Teacher with school children (14-19) working in computer lab

Personalized Learning – Part 3: Four Myths and Facts

Written by Rachel Norman, Program Assistant | July 22, 2015

As a part of NCLD’s work on personalized learning, the Policy team has been visiting classrooms to see first-hand how innovative schools are tailoring instruction to each student’s needs, skills and interests.

Today, we are featuring E.L. Haynes Public Charter High School in Washington, D.C.

E.L. Hayne’s diverse student population includes many children with learning disabilities and attention issues. Principal Caroline Hill says her goal is to educate all students together, regardless of race, class, language, national background or disability status. In working to achieve this ambitious goal, personalized learning innovations have helped set high expectations for all students while providing individualized supports to meet the unique needs of each learner.

Many schools around the country are using personalized learning strategies, but misconceptions persist. Here are four debunked myths and the facts about what personalized learning really looks like in the classroom:

 

Myth #1: It replaces the teacher with technology.

Fact: Principal Hill explained, “Technology doesn’t replace the teacher, it actually gives the teacher superpowers to help all students learn.”

In a ninth grade algebra class, students worked on their laptops while two teachers – a math teacher and a special educator – worked one-on-one with students who needed intervention or acceleration. The math teacher, Ms. Hueber, had pre-recorded her lecture, which gave her more in-class time to interact with students. While her class completed math problems on their laptops, the software provided the teachers with immediate data on how each student was progressing. Ms. Hueber emphasized that it takes a lot of work to make sure she is using this data strategically to ensure all of her 140 students excel. The data can be overwhelming so she looks for trends, like how long her students are spending on mastering a particular competency. If a student is stuck, then Ms. Heuber can look at his practice work and determine why he is having trouble. Because the teacher can intervene and help struggling learners immediately, students don’t have to wait to fail before getting the help they need.

Myth #2: It just doesn’t work for students with disabilities.

Fact: In schools with personalized learning systems everyone has a learning path, similar to an Individualized Education Plan (IEP), so the stigma of receiving specialized services is reduced.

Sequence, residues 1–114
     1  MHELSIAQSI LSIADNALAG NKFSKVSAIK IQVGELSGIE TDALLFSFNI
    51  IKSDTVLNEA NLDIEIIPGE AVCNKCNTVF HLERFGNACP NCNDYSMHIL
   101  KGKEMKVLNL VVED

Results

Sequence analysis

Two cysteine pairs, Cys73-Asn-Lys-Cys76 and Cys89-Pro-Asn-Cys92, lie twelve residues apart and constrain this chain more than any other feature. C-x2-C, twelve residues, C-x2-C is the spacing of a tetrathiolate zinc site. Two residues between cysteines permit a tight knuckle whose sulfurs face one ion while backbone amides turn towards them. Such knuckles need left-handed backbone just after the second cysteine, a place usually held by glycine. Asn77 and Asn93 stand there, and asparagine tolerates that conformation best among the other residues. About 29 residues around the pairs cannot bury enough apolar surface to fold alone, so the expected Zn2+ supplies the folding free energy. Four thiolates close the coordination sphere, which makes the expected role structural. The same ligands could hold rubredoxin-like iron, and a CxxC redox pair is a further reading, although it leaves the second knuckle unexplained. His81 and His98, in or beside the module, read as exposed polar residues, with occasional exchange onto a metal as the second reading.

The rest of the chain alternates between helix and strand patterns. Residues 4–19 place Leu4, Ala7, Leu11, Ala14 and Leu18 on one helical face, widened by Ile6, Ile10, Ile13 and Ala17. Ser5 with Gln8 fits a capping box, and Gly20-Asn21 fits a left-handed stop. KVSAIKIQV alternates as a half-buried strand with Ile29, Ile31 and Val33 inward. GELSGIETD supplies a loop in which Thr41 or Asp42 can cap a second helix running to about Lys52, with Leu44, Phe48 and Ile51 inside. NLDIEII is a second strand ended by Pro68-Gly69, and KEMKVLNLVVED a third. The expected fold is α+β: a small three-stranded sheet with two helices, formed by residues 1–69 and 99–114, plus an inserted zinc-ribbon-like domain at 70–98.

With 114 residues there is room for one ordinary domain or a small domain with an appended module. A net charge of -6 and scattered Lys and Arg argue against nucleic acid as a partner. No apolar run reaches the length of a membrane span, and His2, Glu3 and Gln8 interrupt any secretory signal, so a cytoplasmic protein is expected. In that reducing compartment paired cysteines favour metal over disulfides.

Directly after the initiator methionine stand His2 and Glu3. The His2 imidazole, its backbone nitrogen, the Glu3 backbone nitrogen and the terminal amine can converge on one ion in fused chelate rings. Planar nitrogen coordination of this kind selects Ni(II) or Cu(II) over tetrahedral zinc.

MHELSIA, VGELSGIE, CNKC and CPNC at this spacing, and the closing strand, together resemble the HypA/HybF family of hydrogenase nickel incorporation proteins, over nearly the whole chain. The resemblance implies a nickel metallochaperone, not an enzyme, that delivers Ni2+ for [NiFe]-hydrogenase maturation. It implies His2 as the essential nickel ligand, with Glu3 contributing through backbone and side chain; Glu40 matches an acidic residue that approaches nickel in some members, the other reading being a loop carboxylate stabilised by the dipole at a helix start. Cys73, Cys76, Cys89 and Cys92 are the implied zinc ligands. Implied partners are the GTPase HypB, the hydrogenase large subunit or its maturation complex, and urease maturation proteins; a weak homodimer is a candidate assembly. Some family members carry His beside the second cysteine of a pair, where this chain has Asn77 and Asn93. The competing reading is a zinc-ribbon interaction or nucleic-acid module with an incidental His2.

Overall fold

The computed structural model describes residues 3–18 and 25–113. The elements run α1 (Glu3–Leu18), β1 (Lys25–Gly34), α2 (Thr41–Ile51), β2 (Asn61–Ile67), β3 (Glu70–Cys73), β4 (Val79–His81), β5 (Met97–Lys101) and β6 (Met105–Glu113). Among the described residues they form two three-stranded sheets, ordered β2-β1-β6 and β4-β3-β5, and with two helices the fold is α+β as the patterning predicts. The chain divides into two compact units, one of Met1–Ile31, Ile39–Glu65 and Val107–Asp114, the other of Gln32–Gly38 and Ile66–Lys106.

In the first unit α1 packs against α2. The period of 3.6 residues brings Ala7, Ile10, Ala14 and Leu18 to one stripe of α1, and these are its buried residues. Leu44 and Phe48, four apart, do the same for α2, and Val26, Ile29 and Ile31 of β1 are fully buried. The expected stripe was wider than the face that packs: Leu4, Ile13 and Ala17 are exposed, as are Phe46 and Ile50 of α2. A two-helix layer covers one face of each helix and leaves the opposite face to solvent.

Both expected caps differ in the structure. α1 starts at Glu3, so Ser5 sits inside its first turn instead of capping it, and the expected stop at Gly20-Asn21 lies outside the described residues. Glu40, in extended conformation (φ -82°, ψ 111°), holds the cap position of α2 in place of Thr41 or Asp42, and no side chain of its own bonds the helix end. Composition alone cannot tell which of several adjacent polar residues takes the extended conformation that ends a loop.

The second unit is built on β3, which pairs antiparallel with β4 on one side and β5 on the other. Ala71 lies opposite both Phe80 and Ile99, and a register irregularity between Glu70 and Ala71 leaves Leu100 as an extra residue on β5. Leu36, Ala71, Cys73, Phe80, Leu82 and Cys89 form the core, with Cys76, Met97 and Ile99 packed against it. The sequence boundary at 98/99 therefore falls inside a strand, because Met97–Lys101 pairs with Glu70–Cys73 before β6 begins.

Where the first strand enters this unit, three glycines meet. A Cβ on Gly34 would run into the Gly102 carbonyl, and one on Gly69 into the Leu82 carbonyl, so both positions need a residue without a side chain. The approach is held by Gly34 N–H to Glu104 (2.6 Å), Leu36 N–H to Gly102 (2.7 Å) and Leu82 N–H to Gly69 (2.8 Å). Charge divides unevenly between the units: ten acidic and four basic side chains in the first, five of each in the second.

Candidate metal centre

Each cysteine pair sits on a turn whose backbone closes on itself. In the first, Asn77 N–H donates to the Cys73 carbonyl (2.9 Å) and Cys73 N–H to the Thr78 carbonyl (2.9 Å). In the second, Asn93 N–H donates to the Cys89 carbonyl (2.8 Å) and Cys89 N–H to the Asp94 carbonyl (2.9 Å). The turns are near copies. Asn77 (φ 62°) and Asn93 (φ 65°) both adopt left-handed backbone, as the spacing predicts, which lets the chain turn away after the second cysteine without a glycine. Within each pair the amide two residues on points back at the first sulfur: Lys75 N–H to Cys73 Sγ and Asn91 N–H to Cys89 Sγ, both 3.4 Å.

How many parents have heard this, “Your daughter tries hard on fractions, but she’s just not getting it and I can’t spend any more time on it, we have to move on.”? Under personalized learning, students don’t move on until they have mastered a particular competency meaning that students who are usually behind the rest of the class have a chance to build their confidence by mastering the content. Once the student masters the competency, she is able to move on immediately so she has the opportunity to accelerate learning and catch up. Providing personalized learning is especially helpful for students who have unidentified learning and attention issues and would otherwise not receive appropriate instruction. It also provides a unique opportunity to focus on students’ strengths. For example, some tech-savvy students have now become the unofficial “IT” staff for their peers, even replacing broken laptop screens!

Myth #3: It isn’t realistic for kids at the K-12 level.

Fact: Personalized learning is being used successfully in many K-12 schools, including E.L. Haynes.

Too often, students who struggle to learn feel like they are just not smart because they learn differently than their peers. At E.L. Haynes, students have to demonstrate mastery through practice before they take assessments. This helps students to understand how they learn and allows them to move from a mindset where knowledge and intelligence are “fixed” to a “growth” mindset where everyone is capable of learning. This empowers students to take ownership over their education. Principal Hill reminds parents, “In 10 years, your child might not need to know this specific equation but they will definitely need to know how to learn.”

Myth #4: It’s a fun approach, but kids don’t really learn much from it.

Fact: Creative educators at E.L. Haynes are using personalized learning to motivate and engage students through technology and projects while maintaining high standards for all.

Parents want their children to be happy but they also want to make sure they are acquiring the essential skills they will need as they move on to college and career. The numbers add up: E.L. Haynes outscored the statewide average in reading by 10 points and also made progress in math since implementing personalized learning two years ago. At the high school level, the expectation is “AP for All”, with everyone taking at least AP World History in ninth grade.

 

Scaling Up

NCLD’s Associate Director for Federal Outreach, Kim Hymes, recently provided welcome remarks at a Capitol Hill briefing on technology and students with special needs. Principal Hill spoke at this briefing alongside other experts in the field. The panelists highlighted that, while there is no one-size-fits-all model when it comes to personalized learning, there is tremendous potential. Perhaps the most salient quote on the benefits of personalized learning came from an E.L. Haynes student who admitted, “I don’t hate math anymore.”

 

Next in the Series: Personalized Learning – Part 4: Why Competency-Based Learning Works at Thurgood Marshall Academy

Previously in the series: Personalized Learning — Part 2: Three Ways the Brooklyn Lab Charter School is Personalizing Learning for All Students

Programs: